As EB-5 reform percolates, no challenge to program's fundamental flaw; also, a rising investment threshold may not help rural/poor areas
It is telling but dismaying that reform of the EB-5 immigrant investor program is brewing, and 1) the main (only?) ones discussing it are those with a stake in the outcome and 2) the discussion seems to mainly concern spreading the wealth, so projects in truly poor or rural locales can get access to below-market funding, rather than ensuring that all projects funded truly need the money.
According to Summary of the Draft EB-5 Reform Act, posted 3/16/18 by attorney Ronald R. Fieldstone of Saul Ewing Arnstein & Lehr, the EB-5 program would be extended until September 30, 2023 and the previous threshold $500,000 investment level--which, by the way, was never raised in decades--will be honored for applications in the pipeline, with no reassessment of the so-called Targeted Employment Area (TEA).
For years, real estate developers, assisted by cities and states willing to gerrymander zones of high unemployment, have created urban TEAs that yoke prosperous areas--like, say, Midtown Manhattan or Prospect Heights--to poor neighborhoods to qualify projects for the $500,000 investment, rather than the statutory $1 million.
(In three fundraising efforts, Atlantic Yards/Pacific Park got $577 million in cheap EB-5 loans. The Nassau Coliseum project raised $90 million.)
Going forward, the law would raise the minimum investment from $500,000 to $925,000 for projects in three set-aside categories, and from $1 million to $1,025,000 for non-set-aside projects.
The former category would include 1,450 Priority Urban Investment visas, in zones of high unemployment, high poverty, and/or low-income, as well as 1,450 visas in rural areas, plus 200 visas for infrastructure projects. (That seems low.)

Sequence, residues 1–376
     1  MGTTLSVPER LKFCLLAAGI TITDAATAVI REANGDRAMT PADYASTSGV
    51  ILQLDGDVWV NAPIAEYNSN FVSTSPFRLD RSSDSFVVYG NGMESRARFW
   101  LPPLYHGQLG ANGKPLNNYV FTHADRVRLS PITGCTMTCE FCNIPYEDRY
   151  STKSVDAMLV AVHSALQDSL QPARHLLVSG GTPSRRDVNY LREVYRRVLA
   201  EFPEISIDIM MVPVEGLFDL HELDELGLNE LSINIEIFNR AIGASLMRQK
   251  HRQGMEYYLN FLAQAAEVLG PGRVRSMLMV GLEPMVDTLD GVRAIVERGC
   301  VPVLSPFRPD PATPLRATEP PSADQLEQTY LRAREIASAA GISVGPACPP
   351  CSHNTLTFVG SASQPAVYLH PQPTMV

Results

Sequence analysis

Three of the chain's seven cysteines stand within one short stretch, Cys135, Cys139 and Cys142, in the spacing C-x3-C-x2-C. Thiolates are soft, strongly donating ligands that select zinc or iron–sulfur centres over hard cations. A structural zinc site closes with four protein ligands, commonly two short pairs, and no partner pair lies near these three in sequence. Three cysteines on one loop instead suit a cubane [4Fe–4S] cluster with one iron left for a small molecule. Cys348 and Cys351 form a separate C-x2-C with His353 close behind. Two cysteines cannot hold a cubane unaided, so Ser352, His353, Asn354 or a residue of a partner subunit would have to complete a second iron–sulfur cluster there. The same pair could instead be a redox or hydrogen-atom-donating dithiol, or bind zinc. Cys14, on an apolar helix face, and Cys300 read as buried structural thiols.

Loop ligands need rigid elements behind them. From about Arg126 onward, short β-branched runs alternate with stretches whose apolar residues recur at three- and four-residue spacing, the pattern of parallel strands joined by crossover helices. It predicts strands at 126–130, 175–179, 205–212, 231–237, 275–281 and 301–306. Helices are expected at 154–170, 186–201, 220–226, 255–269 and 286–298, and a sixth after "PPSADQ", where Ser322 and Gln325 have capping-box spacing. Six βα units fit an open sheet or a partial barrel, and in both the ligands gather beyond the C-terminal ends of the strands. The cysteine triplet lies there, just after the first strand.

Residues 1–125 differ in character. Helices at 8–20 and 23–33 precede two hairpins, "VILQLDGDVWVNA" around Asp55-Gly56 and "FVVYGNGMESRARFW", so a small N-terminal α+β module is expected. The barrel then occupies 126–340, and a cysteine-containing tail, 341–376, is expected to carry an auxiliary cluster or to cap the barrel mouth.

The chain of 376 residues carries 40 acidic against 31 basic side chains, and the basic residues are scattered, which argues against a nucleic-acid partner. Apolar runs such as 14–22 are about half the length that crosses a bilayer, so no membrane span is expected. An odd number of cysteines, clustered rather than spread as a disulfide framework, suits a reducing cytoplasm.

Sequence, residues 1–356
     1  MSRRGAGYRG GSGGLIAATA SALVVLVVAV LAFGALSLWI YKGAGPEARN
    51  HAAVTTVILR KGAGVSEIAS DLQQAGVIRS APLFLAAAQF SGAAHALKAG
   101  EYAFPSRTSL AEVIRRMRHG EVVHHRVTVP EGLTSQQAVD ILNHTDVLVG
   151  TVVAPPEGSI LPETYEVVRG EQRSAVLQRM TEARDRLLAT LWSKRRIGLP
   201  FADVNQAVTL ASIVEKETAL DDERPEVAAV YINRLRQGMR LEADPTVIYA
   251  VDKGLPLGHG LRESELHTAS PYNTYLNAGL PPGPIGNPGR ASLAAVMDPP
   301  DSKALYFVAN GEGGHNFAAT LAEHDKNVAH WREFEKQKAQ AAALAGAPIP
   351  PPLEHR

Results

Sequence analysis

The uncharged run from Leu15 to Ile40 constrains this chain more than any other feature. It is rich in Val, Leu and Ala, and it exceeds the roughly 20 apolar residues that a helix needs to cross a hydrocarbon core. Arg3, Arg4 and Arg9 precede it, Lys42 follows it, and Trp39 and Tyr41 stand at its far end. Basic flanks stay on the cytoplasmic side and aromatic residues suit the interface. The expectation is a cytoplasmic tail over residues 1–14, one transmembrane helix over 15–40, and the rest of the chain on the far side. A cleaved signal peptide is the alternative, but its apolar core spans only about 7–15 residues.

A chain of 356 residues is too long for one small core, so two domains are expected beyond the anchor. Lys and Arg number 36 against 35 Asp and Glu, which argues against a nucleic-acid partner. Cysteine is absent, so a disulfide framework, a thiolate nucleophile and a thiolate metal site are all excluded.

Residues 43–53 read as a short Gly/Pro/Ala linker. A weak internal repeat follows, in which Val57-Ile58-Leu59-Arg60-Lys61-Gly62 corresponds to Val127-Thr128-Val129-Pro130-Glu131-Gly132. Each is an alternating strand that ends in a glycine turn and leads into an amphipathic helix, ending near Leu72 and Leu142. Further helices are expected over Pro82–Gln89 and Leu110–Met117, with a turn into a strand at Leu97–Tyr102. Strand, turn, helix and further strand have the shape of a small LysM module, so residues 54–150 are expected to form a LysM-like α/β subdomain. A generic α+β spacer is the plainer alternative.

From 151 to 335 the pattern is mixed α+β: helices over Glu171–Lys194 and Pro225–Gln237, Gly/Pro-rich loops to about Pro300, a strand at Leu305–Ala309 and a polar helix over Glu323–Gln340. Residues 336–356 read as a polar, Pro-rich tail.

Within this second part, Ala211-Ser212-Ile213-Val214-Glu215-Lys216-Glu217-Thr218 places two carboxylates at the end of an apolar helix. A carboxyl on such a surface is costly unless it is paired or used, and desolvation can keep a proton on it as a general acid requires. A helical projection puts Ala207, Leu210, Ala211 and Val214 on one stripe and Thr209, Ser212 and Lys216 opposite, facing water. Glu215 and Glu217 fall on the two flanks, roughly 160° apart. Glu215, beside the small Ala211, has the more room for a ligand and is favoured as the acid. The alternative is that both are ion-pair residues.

Instead having to create 10 jobs per investment, there'd be 12 jobs required for most projects, but only 9 in the set-aside categories or a former military installation.
The overall investment minimum would be adjusted every three years for inflation. There's also be more checks on integrity, which responds to some of the blatant scams that have periodically infected EB-5.
What's missing is the recognition that many project simply don't need the money, so no jobs are created, and it's margin for the developer.
No one thinks this is a perfect bill. That’s probably its chief strength, because it signifies compromise. The diverse interests within the EB-5 industry foreclose a universally agreeable bill. So given no consensus, the question is – would this be a bill still worth supporting?After all, it sustains their legal business, and doesn't get to the core issue.
The answer for me is grounded in pragmatism. I support this draft because a six-year lifespan for the EB-5 regional center program with these terms is better than another desiccating year - or more - of uncertainty.
One warning, though, comes from the law firm Mintz Levin, which recently warned that the $100,000 difference between projects in set-aside areas would "erase the relevance of targeted employment areas altogether." After all, many investors would see that as an insufficient incentive to stray from a big-name developer in a project in a major city like New York.
Attorneys Douglas Hauer, Alex Hecht & R. Neal Martin wrote:
If the new investment amounts in the framework become law, developers in major urban areas will use the EB-5 Program to enjoy the low costs of EB-5 debt or equity being deployed for large-scale refinancing of more expensive debt. This is not how Congress intended the EB-5 Program to work. It makes good sense for lawmakers to consider EB-5 investment amounts more carefully. Otherwise, the EB-5 Program will have a limited future in rural and distressed areas.